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Men’s Basketball: Ashley brothers come from far east to NW Ohio

A lot had to happen for Nick and Matt Ashley to land on the University of Findlay men’s basketball team.
The two brothers played their high school careers at Kubasaki High School — a Department of Defense School in Okinawa an island off mainland Japan.
They had only ever lived a military lifestyle.
From there Nick, a grade higher than Matt, enrolled at Akron University with interest in becoming a walk-on.
In Matt’s recruiting process he discovered he was a low Division I to Division II type player.
In an effort to stay geographically close to Nick, Matt’s father, Ernest reached out to UF coach Charlie Ernst via email.
The email was not only personally addressed to Ernst but caught his eye because of Matt’s background.
Once Ernst discovered Matt fit the bill as a player and a person, he had him on campus for a visit and later signed a National Letter of Intent .
Nick transferred shortly after.
“They’re great kids. Very respectful. Great personalities,” Ernst said. “They take responsibility for themselves and their own action and represent our program well. Their parents have done a good job of raising them.”
Growing Up
Nick, 20, and Matt, 19, were born in Albany, Georgia.
After a few years, the Ashley family relocated as Ernest was stationed in Camp Pendleton (Calif.) the major west coast base of the Marine Corp.
The Ashley’s remained there for 10 years before Ernest was relocated to a duty station in Germany.
Their next stop was the last for the brothers and allowed the pair to spend four years of high school in Okinawa.
Ernest works in the logistics side of the Marine Corp while their mother, Joanna, is a military counselor.
Ernest has since retired and is in the process of returning to the states.
Nick’s and Matt’s love for basketball stemmed from them tagging along to games with other marines.
In addition to basketball, both tried golf, soccer and track in high school.
“(Basketball) didn’t get serious until we moved to Germany.” said Matt, who played on one of Germany’s top under-17 teams as a 14-year-old.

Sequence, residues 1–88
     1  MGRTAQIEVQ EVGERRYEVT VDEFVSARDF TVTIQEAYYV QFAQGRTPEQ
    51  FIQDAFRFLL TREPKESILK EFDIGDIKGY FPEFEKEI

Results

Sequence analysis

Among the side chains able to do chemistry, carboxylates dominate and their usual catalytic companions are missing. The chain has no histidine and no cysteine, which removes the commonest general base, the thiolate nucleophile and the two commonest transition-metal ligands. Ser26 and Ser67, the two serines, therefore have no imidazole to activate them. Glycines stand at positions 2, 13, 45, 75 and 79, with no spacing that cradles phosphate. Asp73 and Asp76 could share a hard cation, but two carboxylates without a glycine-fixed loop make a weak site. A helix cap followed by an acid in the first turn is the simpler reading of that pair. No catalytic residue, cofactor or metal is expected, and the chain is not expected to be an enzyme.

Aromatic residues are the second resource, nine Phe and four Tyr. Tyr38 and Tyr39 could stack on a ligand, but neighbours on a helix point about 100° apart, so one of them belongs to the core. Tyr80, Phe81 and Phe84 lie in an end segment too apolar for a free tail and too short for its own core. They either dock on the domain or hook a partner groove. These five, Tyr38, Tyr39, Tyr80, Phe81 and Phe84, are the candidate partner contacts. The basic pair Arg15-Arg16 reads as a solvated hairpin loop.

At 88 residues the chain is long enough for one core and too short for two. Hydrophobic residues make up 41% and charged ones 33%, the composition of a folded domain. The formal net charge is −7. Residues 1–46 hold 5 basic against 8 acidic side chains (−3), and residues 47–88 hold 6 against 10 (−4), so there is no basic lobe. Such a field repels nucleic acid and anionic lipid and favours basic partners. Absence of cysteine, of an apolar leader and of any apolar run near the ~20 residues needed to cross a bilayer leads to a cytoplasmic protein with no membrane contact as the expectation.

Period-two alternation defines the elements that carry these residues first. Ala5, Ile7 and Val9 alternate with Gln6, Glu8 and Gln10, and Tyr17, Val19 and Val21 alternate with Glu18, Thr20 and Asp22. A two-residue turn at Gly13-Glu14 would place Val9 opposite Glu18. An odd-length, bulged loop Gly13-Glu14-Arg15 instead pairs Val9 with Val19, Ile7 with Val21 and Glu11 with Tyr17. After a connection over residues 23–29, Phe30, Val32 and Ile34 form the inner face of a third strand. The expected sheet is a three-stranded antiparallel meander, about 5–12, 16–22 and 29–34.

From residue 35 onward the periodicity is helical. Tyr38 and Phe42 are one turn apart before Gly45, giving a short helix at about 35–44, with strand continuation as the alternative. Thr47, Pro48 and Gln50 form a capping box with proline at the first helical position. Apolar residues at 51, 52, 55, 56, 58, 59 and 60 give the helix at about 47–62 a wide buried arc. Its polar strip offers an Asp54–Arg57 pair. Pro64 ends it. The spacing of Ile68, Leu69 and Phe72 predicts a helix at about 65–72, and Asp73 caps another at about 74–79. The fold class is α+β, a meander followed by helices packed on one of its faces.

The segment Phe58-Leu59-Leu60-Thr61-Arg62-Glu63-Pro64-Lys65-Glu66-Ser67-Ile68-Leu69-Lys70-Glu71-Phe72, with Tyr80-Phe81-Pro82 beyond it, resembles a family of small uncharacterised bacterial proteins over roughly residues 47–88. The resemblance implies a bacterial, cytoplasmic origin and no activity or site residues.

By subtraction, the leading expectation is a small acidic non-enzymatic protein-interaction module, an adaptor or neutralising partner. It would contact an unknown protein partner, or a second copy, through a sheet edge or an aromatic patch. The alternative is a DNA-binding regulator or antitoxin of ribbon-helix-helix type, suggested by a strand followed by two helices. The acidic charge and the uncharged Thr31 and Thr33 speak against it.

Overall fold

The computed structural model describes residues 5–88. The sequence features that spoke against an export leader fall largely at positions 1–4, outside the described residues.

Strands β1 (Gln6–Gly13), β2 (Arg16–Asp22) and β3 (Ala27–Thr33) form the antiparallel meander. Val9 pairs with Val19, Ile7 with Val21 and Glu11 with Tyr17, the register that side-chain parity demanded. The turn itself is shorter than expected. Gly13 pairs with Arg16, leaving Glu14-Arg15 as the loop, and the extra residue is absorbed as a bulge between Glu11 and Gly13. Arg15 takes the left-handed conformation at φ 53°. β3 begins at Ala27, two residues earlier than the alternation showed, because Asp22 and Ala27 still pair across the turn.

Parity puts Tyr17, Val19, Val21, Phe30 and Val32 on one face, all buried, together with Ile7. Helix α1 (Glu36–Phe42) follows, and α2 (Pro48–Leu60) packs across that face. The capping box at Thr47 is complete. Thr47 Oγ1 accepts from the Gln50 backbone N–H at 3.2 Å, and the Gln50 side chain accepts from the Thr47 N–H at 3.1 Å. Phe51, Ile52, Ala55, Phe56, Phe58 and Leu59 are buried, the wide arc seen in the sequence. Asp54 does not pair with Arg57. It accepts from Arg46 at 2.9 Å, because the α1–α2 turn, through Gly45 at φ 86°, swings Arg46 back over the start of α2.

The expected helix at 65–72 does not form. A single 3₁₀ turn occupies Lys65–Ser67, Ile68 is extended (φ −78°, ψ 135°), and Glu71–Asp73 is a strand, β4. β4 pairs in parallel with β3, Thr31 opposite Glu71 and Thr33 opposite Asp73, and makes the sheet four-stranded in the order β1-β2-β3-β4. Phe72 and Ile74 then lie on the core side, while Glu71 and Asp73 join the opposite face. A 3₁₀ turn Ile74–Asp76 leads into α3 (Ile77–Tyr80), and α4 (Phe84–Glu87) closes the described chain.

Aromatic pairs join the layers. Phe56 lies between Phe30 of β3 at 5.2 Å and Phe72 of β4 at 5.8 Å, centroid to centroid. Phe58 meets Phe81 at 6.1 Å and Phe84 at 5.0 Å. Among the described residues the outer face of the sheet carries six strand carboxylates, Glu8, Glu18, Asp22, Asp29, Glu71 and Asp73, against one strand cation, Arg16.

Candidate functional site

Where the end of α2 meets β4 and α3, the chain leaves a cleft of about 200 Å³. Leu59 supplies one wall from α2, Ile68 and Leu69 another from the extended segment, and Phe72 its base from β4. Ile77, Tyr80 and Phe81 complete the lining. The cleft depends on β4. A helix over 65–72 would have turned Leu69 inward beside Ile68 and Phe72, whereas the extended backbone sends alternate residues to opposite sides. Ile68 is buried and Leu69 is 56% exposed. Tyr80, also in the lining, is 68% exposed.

Kubaski is located off mainland Japan with two American teams on Okinawa.
Matt was 5-foot-9 when he started his freshman year at Kubasaki.
He shot up five inches to 6-2 one year later.
“I realized I would keep growing so I started to work on little things,” said Matt, now 6-6 and 205 pounds.
Together, Nick and Matt turned Kubaski into a force to be reckoned with.
The Dragons won two straight Far East Division I tournament championships, the equivalent of the OHSAA state tournament. First Nick, then Matt were named tournament MVPs in their respective senior years.
The format is a single round-robin with seven teams, one from South Korea, plus a single-elimination playoff with a consolation game.
Their regular season schedule consisted of both American and local Japanese teams.
Nick is only 6-foot-2 but was still relegated to the post.
While it’s not uncommon for American high school teams to stick the big guy in the paint, the style of play was much different.
“They like to push the ball a lot, since it’s international rules, they don’t like to call a lot of fouls,” Nick said. “It’s more physical. How I played is more physical just because of that.”
Getting looks
Nick, admittedly, didn’t commit to playing hard until his junior year, focusing on getting his grades up for college acceptance.
Despite being a year younger, Matt hit the recruiting trail early on as a sophomore.
“Being in Japan it’s hard to put yourself out there because you’re so far out there,” Matt said.
Ernest recorded every game, allowing Matt to cut highlights. He submitted the final cut to countless college coaches all across the nation.